The substance is then rinsed to purify it further. It is then spread out to dry which now makes it a raw material, called seedlac. It is then sent through the production phase.

The Production Phase

The first phase involves the heating process where the seedlac is melted onto hot grids. The melted seedlac is then forced through a sieve or grid made of fine cloth using high pressure. This refined seedlac is taken to steam-heated kettles which liquefies the substance.

This liquid substance is squeezed through large rollers to flatten the seedlac, creating thin sheets. This process has led to the making of shellac. These sheets of shellac are broken to create shellac flakes.

The next step involves further purification where these shellac flakes are combined with a solvent, like an ethyl alcohol, in a tank. The substance then goes through a process to evaporate the alcohol. 

The liquid that is left is sent through large rollers again to create sheets. Again, when the sheets are dry, they are broken down into flakes. 

The Manufacturing Phase

The final product is then shipped to manufacturers where they proceed to add denatured ethyl alcohol. Further steps can take place depending on what the manufacturer wants to produce with the shellac. 

Is There a Plant-Based Alternative?

There is an alternative and it is called Zein. It is a corn-derived substance that is cruelty-free, vegan-friendly, glucose, lactose, GMO (Genetically modified organism), and sugar-free. With the recent movement demanding vegan-friendly products, including cosmetics, companies have started using Zein. 

This is the ingredient used in vegan-friendly shellac. It is also used in the food industry and is better than using traditional shellac.

What Is Shellac Used For?

Shellac is used in various industries. The possibility of an individual having consumed this substance is high because of its applicability to so many products. 

Which Common Products Contain Shellac?

Here, I will discuss some of the common products that use shellac for their resin-like finish including cosmetics, food, and hardware.

Cosmetics

Let’s start with cosmetics. Shellac is considered perfect for make-up products due to its ability to hold together the ingredients of a compressed cake or tablet. This is desired in the make-up industry.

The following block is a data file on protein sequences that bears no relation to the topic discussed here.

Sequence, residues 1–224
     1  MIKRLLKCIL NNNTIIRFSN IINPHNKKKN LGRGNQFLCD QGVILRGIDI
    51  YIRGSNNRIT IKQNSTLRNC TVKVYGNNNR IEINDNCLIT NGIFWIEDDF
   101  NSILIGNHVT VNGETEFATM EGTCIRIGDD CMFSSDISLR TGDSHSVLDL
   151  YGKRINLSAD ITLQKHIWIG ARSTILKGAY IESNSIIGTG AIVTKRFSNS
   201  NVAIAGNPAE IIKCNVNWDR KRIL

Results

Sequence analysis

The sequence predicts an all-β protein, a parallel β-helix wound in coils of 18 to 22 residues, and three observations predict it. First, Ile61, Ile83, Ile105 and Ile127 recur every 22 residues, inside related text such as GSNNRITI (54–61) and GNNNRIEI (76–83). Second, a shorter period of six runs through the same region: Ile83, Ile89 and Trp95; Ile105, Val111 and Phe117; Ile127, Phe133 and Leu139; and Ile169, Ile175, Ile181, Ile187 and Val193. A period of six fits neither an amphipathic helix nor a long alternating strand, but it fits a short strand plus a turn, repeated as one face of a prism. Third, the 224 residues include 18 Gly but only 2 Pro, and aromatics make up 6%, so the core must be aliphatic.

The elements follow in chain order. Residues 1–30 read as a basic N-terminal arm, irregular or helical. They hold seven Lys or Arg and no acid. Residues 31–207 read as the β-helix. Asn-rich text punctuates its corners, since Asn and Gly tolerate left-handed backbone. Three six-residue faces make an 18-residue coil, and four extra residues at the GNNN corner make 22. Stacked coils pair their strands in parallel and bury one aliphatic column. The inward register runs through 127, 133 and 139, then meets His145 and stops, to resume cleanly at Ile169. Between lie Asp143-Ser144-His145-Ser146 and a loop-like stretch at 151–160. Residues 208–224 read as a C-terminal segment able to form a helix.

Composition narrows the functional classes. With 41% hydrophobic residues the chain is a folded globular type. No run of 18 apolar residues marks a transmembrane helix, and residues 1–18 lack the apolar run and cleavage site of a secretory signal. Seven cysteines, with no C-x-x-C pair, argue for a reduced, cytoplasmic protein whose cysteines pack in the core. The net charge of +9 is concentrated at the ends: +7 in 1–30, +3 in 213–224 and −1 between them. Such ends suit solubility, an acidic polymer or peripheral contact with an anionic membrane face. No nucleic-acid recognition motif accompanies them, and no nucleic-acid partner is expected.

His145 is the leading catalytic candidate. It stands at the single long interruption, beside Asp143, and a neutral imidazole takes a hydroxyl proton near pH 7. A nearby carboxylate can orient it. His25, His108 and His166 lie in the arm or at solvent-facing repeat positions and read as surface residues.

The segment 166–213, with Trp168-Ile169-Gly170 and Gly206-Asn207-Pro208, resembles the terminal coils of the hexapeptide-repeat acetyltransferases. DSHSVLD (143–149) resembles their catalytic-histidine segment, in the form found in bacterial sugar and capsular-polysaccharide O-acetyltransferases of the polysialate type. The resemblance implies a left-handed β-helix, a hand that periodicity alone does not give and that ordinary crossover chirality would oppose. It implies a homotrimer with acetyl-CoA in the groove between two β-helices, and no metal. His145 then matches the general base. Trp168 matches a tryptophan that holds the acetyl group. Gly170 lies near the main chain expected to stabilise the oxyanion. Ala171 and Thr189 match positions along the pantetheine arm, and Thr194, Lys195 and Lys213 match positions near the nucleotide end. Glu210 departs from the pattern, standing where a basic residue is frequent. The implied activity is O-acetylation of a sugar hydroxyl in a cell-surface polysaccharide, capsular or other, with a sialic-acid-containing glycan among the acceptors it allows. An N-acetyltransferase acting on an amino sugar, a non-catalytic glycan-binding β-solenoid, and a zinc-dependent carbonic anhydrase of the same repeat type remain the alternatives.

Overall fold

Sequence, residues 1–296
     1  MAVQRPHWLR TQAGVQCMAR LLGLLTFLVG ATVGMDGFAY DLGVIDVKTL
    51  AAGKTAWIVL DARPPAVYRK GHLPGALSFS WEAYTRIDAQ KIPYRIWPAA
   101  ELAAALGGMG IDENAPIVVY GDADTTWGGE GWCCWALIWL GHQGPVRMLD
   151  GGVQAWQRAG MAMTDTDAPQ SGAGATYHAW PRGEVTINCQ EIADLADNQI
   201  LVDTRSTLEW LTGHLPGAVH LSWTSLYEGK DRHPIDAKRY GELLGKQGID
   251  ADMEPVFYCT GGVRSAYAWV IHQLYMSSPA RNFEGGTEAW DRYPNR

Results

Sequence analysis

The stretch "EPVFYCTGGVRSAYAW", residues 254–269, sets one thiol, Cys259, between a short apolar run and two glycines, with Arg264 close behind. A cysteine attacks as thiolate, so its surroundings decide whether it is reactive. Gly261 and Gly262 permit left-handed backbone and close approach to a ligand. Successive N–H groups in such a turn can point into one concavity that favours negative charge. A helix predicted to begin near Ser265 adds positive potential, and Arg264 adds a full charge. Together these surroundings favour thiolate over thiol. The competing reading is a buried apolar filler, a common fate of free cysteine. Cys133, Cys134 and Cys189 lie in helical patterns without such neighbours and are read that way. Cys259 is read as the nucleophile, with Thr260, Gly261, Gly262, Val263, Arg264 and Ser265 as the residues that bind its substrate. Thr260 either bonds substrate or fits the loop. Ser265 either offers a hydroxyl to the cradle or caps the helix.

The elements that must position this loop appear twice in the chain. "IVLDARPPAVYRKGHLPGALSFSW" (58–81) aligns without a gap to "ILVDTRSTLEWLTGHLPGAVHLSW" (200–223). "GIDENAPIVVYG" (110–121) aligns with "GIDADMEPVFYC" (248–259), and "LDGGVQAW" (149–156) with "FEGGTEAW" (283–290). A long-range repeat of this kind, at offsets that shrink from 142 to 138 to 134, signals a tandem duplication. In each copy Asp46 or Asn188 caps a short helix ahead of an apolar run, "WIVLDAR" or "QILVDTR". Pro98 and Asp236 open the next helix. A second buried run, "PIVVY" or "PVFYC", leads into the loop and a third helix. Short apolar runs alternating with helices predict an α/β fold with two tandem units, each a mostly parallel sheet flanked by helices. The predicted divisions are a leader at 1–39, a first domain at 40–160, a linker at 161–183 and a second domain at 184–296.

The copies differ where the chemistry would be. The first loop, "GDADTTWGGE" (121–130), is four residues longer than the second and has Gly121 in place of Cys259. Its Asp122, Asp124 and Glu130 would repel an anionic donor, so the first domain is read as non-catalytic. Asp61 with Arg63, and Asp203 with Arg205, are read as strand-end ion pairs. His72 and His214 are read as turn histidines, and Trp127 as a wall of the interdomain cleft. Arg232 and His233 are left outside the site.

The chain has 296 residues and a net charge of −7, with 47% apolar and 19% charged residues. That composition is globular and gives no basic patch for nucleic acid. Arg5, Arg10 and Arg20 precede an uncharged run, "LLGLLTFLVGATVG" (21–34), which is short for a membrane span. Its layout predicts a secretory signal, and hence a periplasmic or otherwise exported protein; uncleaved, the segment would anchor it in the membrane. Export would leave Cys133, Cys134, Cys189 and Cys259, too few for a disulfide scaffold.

Products such as mascaras, eyeliners, nail polish and nail-related products, fragrances, lipstick and lipliners, body lotions, and hair products. So just about any product may contain shellac.

Maybelline Color Sensational Lipstick, Lip Makeup, Cream Finish, Hydrating Lipstick, Nude, Pink, Red, Plum Lip Color, Warm Me Up, 0.15 oz; (Packaging May Vary)

Food

Another industry where it is widely used is in food. If you ever wondered why candy is so shiny, this is why. It is often glazed in shellac. The FDA (Food and Drug Administration) approves its use. 

If you want to know if shellac has been used in certain food then look for “confectioners glaze” which is listed on the ingredients label. Fruits like apples and oranges are also glazed with shellac by some to create a glossy look.

Hardware

Shellac is popularly used in products that are used to polish or varnish food. It is described as being a versatile, non-toxic wood finish that enhances the natural grain while adding smoothness without the plastic-like qualities of polyurethane or lacquer.

Usually, shellac with a darker hue is used for hardware varnishes like these.

Is Nail Shellac Made From Bugs?

Since nail shellac is made from traditional shellac, it is not considered vegan-friendly. Sure, as I explained earlier, the shellac goes through a detailed process to remove the bugs’ remains. However, it does not technically mean that shellac is lac bug-free.

What Are Shellac Nails?

Shellac nails refer to nails that are manicured either by using gel shellac products or shellac nail polish. The shellac is what makes the manicure so shiny because of its resin-like properties.

Why Is Shellac Used In Nail Products?

CND Shellac Gel Nail Polish, Long-lasting NailPaint Color with Curve-hugging Brush, Red/Burgundy Polish, 0.25 fl oz

Apart from being shiny, shellac is a hardy substance. Shellac nails are popular because of their hard, shiny appearance after they are cured. The properties of shellac allow it to harden when it is exposed to the UV light used in nail salons.

Is Nail Polish Made From Bugs?

In many instances, it is made from or contains bugs. Two common products used that are insect-derived are shellac and carmine. I will discuss these in detail.

Shellac

As I explained earlier, nail polish may contain shellac for its sought-after properties. It creates a hard, durable finish that is glossy. Shellac is popularly used in nail polish because it can hold together oil-based and water-based substances which usually don’t mix.

Carmine

This is slightly more controversial than shellac in the sense that the cochineal bug is crushed for its bright, red hue. Not only is it used in nail polish, but it is also used in other cosmetics like lipstick.